Resuming The Debt Dance

by Brendan James

Now that the Treasury has declared we’ll hit the debt ceiling mid-October, Congress is once again ready to fight over whether to raise it. Yglesias advises the White House to refrain from engaging the GOP on the issue:

Republicans have been offering a lot of wild theories about their negotiating strategy around this, but on CNBC this morning Secretary Jack Lew said the right thing about the administration’s bargaining strategy—there is no strategy because there is no bargain. Getting sucked into a negotiation over raising the debt ceiling back in 2011 is one of the biggest mistakes the Obama administration ever made. It’s one they avoided repeating the second time around and should never try to repeat again.

Schieber agrees, and puzzles at a proposed sitdown between administration officials and Republican senators:

The White House willingness to engage in a multi-issue mega-negotiation plays entirely into Boehner’s hand. It’s basically a strategy designed to maximize Republican leverage and minimize Obama’s. At the very least, the White House should want to keep each track of the negotiation unambiguously separate, forcing Boehner to acknowledge his terrible bargaining position.

But I’d go a bit further and recommend the following: Obama should announce immediately that he’s perfectly happy to negotiate over pretty much any budgetary issue the GOP wants to talk about, but that—and this is the key—he won’t negotiate for a second until Congress raises the debt ceiling. That is, don’t just say you won’t negotiate over the debt ceiling. Make raising the debt ceiling a precondition for any future negotiation.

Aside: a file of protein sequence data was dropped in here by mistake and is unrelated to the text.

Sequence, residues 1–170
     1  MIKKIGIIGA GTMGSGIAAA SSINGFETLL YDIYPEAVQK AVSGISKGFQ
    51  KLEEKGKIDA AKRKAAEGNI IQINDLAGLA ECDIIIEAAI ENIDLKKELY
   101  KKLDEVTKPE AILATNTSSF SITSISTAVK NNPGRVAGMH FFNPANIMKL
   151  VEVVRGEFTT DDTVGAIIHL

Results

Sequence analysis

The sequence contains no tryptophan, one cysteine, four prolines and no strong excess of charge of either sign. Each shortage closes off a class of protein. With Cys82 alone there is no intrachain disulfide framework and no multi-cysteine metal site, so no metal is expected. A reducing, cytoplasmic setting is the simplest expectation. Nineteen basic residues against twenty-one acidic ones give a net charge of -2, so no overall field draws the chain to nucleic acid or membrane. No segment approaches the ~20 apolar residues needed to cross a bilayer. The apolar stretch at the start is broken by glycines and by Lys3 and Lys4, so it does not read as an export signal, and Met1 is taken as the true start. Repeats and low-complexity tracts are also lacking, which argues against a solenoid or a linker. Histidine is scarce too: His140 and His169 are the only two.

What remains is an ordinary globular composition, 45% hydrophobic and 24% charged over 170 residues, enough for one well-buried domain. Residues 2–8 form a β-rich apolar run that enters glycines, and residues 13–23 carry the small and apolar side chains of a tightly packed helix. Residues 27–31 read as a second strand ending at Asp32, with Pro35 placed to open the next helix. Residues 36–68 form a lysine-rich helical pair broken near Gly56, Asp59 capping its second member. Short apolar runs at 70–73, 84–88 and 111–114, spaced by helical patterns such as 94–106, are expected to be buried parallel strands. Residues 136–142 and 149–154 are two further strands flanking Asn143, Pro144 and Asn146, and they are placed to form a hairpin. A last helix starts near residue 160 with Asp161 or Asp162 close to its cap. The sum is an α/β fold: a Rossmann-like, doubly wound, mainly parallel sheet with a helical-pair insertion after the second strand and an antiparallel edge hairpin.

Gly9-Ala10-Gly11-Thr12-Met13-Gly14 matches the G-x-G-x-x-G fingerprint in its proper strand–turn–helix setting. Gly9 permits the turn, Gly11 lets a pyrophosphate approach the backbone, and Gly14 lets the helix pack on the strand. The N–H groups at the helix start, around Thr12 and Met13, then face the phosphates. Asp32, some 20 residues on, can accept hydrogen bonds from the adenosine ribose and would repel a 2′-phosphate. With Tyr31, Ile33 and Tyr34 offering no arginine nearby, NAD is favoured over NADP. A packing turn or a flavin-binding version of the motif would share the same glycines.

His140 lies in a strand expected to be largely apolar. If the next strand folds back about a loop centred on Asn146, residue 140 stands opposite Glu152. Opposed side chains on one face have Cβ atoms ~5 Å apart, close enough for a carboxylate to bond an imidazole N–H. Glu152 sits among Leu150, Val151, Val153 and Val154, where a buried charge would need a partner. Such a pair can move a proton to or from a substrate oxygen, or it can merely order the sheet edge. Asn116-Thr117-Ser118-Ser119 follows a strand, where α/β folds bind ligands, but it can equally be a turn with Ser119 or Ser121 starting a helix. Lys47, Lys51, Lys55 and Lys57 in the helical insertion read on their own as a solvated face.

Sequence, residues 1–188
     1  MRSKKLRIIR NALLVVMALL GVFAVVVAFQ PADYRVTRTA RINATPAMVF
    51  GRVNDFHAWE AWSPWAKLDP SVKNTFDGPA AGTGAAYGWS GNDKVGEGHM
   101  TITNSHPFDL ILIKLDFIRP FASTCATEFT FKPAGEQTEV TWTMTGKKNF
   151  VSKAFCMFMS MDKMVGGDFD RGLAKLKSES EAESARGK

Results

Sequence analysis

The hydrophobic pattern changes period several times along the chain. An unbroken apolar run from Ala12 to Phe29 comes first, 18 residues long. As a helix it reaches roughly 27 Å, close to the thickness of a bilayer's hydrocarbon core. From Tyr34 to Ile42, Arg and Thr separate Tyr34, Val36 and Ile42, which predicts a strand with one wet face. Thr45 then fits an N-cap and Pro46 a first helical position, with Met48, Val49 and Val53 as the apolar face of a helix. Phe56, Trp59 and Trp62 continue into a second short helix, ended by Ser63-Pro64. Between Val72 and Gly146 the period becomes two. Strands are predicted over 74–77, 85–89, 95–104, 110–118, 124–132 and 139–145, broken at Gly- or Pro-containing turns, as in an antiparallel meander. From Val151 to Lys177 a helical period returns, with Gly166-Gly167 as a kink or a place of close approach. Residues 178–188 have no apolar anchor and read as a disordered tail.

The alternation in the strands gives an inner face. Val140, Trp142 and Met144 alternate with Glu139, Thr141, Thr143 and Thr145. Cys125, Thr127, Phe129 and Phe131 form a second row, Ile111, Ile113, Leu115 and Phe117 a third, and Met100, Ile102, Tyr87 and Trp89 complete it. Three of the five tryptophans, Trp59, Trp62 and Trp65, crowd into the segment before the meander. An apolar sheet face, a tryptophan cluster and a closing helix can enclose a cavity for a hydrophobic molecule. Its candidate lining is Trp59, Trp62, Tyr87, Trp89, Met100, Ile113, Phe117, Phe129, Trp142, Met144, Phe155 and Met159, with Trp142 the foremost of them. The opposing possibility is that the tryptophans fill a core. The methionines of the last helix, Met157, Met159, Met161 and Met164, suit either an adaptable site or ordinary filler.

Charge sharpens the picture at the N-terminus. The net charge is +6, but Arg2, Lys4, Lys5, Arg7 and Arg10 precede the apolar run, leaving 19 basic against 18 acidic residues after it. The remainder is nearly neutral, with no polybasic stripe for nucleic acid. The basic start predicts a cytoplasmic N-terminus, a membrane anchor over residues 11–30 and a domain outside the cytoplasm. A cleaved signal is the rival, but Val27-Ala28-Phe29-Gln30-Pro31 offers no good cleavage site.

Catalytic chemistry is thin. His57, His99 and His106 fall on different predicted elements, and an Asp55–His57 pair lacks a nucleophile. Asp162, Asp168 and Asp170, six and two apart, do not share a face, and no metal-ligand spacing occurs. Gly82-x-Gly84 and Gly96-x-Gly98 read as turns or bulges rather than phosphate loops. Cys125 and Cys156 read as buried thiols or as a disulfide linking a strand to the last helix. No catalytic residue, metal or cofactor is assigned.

Barro insists the GOP knows demanding default is a dead-end strategy:

If Republicans were to stage another debt ceiling showdown over entitlement reform, they would have to (1) threaten to cause an economic crisis unless (2) they are given a package of reforms that many Republican officials don’t even want, which (3) would also happen to be hugely unpopular with voters.

This. Is. Never. Going. To. Happen.

So why is Boehner making debt ceiling threats again? Well, for one thing, it’s August, and in August, Republican House members go to town halls filled with rabid conservative constituents who need red meat. A lot of Republican activists think rendering the government unable to pay its bills is just what the country needs.

Despite all that, Drum expects the debt loons may get their way:

[L]ogic is selling at a deep discount these days. The fever swamp wants a debt ceiling default, and there’s a pretty good chance they’re going to force one through. Boehner just doesn’t have the clout or the influence to stop his lemmings from racing over the cliff. At this point, the most germane question probably isn’t whether Republicans are going to force a default, but how long they’ll hold out after they’ve done it. Just how badly do global markets have to panic before they finally come to their senses?